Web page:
Like any self-respecting musician on the road, Thomas stopped by the Rock and Roll Hall of Fame in Cleveland, Ohio, on his way. It was on this fateful day, in front of the John Lennon exhibit, that he literally ran into the Brian Jonestown Massacre guitarist Frankie Emerson pushing singer/guitarist Anton Newcombe around in a wheelchair. The latter, whose rowdy antics were made public in the 2004 rockumenary Dig, had broken his leg in a fight during a riot at a gig the previous night.

Thomas-who sings, composes, plays guitar and keyboards-got to know the BJM guys very well. He credits them as a source of inspiration, collaboration and assistance in Spindrift’s California reinvention and activation as a spaghetti Western band. He later ended up playing guitar on tour with the band. That was when the Western bug first bit him hard. Thomas fondly recalls listening and jamming to the music of Ennio Morricone-the prolific composer who pioneered the haunting surf-guitar soundtracks on Leone’s ‘Spaghetti Westerns’-while driving cross country in the tour RV through the deserts.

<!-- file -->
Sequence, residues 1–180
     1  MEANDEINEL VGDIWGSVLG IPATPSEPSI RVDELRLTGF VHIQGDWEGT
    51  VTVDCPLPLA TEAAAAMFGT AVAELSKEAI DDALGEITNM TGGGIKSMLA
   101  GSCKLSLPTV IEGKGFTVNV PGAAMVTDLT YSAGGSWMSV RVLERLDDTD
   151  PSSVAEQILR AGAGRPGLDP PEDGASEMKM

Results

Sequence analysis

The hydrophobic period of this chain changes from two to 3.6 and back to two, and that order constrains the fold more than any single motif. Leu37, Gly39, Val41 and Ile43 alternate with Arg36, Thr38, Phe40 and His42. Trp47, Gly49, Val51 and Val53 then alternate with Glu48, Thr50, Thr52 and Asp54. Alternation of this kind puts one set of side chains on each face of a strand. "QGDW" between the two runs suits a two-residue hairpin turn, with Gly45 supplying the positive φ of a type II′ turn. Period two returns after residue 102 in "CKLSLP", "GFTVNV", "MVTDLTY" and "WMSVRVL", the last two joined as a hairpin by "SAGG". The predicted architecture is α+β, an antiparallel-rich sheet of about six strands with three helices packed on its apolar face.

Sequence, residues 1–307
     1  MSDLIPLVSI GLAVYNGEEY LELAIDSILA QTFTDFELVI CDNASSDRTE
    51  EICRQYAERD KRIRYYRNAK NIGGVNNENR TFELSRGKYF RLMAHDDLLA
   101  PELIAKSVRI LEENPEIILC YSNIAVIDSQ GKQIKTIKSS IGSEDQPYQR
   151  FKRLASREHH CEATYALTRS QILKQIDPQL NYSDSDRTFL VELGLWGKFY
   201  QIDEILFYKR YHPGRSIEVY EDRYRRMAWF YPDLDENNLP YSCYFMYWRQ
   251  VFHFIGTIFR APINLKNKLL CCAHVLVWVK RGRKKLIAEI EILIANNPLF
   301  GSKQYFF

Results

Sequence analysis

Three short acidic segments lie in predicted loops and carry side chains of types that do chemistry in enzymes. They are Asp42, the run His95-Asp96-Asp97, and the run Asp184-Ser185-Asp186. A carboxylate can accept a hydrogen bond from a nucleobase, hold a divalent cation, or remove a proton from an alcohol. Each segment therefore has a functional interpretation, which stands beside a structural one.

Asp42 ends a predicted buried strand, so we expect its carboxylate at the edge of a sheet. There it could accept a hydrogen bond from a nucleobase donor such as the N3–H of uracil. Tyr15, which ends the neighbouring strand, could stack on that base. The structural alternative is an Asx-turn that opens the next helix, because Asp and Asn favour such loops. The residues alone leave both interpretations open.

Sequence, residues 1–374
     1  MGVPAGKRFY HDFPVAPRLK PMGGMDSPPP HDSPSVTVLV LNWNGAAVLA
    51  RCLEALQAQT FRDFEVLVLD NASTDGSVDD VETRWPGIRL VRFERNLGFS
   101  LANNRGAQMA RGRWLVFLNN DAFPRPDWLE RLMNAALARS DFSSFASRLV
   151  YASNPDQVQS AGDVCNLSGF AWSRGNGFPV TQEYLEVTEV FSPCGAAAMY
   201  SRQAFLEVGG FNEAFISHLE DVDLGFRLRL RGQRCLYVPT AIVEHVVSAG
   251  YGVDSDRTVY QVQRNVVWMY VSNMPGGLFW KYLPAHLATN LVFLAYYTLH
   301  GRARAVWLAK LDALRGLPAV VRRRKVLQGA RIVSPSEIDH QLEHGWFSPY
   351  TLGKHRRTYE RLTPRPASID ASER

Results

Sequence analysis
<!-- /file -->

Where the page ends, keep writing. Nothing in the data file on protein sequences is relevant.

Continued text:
As if prescient to the next zeitgeist, Thomas’ spontaneous fascination with the West closely coincided with a greater nationwide passion and rekindling of all things western and cowboy related. In mainstream circles, Western-style music, culture and fashion (both nostalgic and present-day) are everywhere. Wim Wenders’ fallen cowboy film, Don’t Come Knocking, starring Sam Shepard is set to hit screens this month. The non-traditional gay cowboy love story Brokeback Mountain racked up its share of honors. And HBO’s gritty, hard-nosed and extremely popular Deadwood is heading into its third season. America has fallen in love with the cowboy all over again. But something’s different this time. It’s as if, as a nation, we are having a mid-life crisis and looking back on our early days with a mix of longing, disgust, hopefulness and perhaps an altered perspective.